The article mainly focuses on the streets of New Delhi, the capital of India, during the day of Holi. The vibrancy and excitement in the air is clear. India is a very prideful country and it is extremely important for many of its citizens to be unified by famous holidays such as Holi, even if they come from different backgrounds or religious groups. Holi celebrations start with a Holika bonfire on the night before Holi where people gather to sing and dance. The next morning is a “colors carnival” where children and adults alike play, chase, and throw powdered color at each other, as well as have water balloon fights. Anyone and everyone is fair game on the streets of Indian: friend or stranger, rich or poor, man or woman, children and elders. Later on in the day, large groups carrying drums and other musical instruments travel around the city to celebrate. Typically during the nighttime, people visit family and friends to close out the holiday by eating delicious food and having intimate conversations.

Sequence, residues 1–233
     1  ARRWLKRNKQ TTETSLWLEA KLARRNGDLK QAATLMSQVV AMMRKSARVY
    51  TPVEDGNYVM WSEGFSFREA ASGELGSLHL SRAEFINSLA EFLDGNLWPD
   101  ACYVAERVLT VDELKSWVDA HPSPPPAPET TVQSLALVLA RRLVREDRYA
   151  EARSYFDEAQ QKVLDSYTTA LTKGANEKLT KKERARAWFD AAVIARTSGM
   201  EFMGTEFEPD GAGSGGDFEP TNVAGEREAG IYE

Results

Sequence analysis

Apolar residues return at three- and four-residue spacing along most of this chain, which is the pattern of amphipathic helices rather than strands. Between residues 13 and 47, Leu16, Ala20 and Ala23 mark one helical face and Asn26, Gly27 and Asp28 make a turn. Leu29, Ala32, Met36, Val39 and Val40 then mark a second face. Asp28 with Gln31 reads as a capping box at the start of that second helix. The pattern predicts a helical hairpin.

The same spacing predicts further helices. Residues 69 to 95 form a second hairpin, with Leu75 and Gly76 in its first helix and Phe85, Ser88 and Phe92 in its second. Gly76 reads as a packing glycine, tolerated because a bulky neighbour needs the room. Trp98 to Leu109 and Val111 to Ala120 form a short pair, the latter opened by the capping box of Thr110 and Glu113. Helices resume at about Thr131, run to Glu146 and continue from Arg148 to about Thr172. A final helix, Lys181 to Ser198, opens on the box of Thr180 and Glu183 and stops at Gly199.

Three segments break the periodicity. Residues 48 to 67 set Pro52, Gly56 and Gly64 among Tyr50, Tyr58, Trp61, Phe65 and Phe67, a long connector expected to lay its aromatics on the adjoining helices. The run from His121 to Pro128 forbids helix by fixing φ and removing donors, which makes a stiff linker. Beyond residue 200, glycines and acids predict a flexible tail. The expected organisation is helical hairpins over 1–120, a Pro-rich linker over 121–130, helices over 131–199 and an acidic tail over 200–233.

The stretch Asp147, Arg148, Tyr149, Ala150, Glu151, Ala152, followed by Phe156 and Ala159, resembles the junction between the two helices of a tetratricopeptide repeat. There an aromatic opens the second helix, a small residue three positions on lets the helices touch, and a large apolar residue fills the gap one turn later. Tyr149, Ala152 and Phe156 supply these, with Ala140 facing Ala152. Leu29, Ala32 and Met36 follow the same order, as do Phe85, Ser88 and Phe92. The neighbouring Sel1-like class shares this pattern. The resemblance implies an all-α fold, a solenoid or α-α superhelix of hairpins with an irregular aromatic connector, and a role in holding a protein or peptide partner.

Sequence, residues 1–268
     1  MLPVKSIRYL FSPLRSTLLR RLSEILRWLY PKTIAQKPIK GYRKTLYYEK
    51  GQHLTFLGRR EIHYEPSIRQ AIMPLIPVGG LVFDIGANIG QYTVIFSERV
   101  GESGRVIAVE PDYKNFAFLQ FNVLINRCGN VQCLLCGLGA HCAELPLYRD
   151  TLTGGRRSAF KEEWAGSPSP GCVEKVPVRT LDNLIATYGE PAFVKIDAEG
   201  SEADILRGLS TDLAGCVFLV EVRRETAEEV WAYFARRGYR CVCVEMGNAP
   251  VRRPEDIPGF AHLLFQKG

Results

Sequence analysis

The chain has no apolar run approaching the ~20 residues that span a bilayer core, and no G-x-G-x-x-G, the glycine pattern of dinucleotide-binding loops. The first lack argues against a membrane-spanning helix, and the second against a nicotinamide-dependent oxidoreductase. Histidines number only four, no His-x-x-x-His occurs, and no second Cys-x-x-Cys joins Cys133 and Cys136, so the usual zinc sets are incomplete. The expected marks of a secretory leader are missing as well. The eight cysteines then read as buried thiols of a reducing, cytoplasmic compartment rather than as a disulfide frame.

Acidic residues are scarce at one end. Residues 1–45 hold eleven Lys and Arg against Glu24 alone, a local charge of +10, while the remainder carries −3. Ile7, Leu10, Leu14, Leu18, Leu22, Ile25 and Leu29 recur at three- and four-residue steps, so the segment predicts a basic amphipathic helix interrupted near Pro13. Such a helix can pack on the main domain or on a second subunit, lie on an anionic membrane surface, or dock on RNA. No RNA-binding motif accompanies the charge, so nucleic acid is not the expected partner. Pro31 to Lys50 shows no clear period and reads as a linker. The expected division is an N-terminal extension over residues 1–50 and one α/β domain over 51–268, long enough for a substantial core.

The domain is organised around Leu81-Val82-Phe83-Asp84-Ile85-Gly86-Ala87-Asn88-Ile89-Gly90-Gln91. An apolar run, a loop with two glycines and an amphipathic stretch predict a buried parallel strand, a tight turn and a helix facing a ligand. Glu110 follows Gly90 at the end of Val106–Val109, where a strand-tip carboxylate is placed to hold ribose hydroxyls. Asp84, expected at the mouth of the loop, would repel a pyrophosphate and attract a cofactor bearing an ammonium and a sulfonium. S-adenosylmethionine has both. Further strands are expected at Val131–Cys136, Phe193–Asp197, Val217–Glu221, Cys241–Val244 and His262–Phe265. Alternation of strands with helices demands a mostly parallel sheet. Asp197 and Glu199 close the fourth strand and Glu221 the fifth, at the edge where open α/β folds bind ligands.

Holi has a significant importance to me. As a second-generation immigrant whose first language is English, I feel like I need to grasp on to my Indian culture even more so than other people. By doing so, I have begun taking Hindi courses in college to help retrace my steps in the form of heritage and culture. Additionally, traditions like Holi help me do so as well as Hindi class. During Holi, I get to be involved with and learn more about my heritage which allows for the best of both worlds.
Article Citation: "India's Holi Festival Celebrates Spring's Colorful Arrival." NY Daily News. N.p., n.d. Web. 02 Apr. 2015.